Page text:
While this study used data for specific immigrants, the findings proved that the Dutch government policies on immigrants did not serve their intended purposes. The study also relied on massive historical data to derive such conclusions, but it could difficult to generalize this conclusion to other countries.

Decker, S., van Gemert, F., and Pyrooz, D. C. (2009). Gangs, Migration, and Crime: The Changing Landscape in Europe and the USA. Journal of International Migration and Integration, 10(4), 393-408. Web.

Decker and colleagues examined the association between immigration, culture, and gangs and compared the outcomes between the US and Europe. The researchers believed that immigration, culture, and ethnicity were imperative elements to comprehend such changes, but other structural factors were only conditional elements for the perceived changes. The study also showed diverse patterns of immigrants in the US and Europe.

The study methodology was based on a conceptual framework with a focus on reviewing several qualitative studies. The methodology covered fundamental aspects that defined the dynamic landscape of gangs and their formation concerning the local context. The framework looked at factors that facilitated gang formation or essential conditions that ensured that a group of people would come together to form a gang.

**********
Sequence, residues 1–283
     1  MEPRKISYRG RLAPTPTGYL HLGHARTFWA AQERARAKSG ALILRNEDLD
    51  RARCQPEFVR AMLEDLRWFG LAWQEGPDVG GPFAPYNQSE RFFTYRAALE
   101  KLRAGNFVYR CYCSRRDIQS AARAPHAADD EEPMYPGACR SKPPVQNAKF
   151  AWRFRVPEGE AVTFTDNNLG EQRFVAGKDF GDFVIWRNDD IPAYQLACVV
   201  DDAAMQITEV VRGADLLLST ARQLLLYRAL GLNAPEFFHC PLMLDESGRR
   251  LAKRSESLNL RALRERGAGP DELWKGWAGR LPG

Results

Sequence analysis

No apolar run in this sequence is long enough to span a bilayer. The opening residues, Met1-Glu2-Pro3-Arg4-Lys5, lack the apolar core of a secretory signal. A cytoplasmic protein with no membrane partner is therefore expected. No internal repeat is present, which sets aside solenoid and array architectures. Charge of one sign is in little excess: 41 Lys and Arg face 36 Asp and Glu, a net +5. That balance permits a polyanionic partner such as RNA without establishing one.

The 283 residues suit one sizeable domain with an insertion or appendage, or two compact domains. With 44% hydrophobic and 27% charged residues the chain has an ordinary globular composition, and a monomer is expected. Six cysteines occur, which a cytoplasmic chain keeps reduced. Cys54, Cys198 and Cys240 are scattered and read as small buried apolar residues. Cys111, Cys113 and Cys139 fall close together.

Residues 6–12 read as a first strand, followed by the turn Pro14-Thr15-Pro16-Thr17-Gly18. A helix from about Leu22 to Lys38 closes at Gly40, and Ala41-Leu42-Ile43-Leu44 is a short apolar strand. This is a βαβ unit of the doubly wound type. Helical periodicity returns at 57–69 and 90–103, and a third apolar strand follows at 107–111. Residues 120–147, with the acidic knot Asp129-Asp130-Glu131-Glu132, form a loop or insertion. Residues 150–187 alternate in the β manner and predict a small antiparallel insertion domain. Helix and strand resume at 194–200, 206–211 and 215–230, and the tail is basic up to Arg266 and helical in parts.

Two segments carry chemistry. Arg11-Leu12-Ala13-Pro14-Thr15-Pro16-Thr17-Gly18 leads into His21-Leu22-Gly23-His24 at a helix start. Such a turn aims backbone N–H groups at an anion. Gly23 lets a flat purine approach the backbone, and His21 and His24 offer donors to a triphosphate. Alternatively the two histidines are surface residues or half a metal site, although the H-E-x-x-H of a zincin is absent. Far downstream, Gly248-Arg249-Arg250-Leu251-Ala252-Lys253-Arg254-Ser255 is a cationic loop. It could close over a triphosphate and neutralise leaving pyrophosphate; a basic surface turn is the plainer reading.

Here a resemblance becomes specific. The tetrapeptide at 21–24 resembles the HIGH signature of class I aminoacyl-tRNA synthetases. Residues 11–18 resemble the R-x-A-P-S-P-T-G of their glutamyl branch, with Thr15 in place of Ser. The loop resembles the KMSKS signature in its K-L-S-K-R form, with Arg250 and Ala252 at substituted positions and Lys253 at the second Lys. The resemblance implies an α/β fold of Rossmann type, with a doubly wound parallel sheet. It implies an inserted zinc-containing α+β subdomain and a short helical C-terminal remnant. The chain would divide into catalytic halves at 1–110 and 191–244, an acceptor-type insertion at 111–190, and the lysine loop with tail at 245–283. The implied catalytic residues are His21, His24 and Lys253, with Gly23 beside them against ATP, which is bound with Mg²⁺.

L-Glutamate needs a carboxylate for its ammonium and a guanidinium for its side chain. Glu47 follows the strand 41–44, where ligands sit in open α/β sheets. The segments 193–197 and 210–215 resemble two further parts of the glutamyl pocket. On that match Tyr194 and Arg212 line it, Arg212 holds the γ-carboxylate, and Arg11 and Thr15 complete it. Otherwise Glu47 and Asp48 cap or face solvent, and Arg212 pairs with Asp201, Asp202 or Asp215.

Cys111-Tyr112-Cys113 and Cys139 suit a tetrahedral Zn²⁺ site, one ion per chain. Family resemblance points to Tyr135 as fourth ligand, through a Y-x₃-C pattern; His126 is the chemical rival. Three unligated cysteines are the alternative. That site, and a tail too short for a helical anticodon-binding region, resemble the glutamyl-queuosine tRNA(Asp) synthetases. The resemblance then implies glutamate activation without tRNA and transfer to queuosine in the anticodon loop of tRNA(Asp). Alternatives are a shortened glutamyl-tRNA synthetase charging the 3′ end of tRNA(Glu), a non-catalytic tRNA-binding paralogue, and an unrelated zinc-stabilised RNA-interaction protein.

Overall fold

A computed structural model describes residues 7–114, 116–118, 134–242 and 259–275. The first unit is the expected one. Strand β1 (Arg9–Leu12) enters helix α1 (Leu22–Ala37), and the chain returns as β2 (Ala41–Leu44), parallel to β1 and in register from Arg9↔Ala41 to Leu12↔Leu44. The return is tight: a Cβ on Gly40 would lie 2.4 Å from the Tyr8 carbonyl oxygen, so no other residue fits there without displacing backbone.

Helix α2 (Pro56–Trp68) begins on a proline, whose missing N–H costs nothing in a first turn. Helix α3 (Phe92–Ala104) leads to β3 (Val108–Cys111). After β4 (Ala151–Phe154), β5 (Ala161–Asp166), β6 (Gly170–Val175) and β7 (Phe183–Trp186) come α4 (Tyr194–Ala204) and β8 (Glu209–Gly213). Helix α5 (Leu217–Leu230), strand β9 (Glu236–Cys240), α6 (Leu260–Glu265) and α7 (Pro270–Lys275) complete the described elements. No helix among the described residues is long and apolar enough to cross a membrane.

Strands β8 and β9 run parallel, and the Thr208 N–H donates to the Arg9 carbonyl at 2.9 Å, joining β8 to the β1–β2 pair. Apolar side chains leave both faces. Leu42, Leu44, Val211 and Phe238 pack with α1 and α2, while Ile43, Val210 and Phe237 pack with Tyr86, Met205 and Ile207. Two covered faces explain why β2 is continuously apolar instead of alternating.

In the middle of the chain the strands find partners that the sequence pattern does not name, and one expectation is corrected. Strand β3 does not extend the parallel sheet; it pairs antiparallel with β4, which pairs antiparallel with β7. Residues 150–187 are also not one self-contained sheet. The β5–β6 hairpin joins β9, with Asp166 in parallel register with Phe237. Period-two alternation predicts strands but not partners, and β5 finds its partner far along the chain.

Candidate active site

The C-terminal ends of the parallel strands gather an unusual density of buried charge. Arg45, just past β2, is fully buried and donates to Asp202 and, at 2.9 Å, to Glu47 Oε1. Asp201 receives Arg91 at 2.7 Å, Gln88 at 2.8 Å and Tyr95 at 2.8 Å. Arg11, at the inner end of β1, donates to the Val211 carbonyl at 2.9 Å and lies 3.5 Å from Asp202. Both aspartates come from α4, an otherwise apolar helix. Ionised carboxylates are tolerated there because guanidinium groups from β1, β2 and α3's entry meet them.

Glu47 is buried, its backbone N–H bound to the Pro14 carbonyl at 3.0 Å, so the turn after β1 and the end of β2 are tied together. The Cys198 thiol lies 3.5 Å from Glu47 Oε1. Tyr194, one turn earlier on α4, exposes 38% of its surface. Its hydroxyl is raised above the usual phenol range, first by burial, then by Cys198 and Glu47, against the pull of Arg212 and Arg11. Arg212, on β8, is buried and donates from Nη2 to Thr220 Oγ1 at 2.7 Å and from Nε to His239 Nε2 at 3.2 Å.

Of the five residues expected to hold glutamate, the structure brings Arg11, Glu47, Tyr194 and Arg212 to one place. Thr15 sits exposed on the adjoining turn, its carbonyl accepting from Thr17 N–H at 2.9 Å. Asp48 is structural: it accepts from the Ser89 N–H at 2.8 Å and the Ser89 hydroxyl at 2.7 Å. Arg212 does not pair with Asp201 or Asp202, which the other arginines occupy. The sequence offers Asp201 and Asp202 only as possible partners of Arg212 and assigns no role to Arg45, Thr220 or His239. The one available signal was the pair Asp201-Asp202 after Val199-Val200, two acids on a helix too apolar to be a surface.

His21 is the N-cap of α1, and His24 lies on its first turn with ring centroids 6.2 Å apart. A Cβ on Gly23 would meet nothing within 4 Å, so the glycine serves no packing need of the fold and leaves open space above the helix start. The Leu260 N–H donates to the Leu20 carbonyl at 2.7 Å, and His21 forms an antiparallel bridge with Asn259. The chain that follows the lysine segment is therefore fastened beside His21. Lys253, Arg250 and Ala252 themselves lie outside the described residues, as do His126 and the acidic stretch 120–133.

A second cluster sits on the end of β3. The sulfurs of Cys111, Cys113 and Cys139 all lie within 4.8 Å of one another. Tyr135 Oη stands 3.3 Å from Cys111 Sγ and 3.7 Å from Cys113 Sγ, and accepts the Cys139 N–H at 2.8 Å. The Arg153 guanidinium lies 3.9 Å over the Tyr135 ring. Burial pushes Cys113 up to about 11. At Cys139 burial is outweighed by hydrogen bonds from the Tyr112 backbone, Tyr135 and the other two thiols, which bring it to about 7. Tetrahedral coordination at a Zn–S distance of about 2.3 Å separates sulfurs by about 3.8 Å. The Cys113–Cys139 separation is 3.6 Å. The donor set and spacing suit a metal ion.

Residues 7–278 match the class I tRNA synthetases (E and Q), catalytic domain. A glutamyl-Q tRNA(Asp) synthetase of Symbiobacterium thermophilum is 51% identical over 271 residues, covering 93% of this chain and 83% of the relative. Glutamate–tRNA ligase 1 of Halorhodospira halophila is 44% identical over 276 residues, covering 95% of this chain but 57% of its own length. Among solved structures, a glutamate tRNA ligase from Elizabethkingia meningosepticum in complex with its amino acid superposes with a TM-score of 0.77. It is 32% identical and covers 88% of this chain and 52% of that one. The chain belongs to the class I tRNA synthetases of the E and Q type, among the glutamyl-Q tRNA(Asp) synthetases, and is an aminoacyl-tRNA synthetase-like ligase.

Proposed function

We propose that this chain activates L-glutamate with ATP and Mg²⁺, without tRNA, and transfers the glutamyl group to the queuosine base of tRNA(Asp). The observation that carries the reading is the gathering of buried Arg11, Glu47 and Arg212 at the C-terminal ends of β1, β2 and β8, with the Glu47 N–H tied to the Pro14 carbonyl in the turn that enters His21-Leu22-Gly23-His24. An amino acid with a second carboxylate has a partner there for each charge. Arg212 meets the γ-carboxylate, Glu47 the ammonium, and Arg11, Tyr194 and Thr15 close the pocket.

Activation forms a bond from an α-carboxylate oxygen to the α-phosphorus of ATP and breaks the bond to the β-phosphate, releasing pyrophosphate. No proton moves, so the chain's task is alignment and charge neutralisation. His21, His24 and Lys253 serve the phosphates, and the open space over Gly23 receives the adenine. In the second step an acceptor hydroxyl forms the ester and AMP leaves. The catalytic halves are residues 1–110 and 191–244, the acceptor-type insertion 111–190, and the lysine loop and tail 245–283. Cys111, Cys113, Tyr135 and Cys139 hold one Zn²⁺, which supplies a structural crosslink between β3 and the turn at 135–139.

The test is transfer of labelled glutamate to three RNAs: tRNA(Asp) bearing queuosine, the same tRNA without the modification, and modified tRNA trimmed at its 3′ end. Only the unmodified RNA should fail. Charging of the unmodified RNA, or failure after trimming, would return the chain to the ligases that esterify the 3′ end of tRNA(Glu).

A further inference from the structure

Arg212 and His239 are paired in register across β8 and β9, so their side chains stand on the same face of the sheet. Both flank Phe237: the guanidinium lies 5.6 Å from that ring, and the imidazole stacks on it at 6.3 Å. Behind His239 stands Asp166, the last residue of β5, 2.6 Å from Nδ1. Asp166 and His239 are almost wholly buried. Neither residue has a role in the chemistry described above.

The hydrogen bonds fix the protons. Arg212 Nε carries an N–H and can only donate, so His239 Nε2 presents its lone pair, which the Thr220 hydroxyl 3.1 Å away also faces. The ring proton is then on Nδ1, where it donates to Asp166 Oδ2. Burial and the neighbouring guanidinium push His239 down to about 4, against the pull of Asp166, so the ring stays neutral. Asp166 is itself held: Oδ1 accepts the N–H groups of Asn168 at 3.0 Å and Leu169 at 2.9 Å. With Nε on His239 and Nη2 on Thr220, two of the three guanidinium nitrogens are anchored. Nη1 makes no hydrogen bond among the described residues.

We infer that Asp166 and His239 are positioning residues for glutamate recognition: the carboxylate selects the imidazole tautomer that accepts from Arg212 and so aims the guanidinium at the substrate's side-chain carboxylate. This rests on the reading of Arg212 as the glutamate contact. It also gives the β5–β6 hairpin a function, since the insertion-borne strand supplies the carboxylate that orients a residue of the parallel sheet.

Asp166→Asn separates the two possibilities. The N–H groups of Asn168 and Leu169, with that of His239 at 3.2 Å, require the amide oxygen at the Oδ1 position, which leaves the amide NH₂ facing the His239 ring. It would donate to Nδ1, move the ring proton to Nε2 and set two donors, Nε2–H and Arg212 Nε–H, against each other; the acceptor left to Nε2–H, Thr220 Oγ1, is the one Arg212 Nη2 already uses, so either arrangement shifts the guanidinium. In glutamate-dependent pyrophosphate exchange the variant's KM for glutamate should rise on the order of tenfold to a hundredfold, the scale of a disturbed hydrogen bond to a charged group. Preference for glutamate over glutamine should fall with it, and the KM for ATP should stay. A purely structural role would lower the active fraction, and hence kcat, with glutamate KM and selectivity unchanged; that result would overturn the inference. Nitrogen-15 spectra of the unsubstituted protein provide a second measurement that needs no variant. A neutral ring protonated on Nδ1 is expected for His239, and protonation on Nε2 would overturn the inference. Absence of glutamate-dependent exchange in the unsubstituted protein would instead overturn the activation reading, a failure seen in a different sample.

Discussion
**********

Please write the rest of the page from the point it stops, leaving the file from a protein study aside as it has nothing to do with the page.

The study result showed that immigration patterns had significant impacts on the US and European gang activities. As a result, the researchers concluded that diverse patterns of immigration and the movement of people had certain impacts on economic, political, ad cultural outcomes. Specifically, the study showed that immigration, ethnic affiliation, and cultures played critical roles in specific areas in which threats, mistrust, fear, and conflict were common because of arriving populations. The study emphasized that an environment, which displayed such factors and poor structural elements of society as covered under social disorganization theories were the perfect places for gang formation and activities.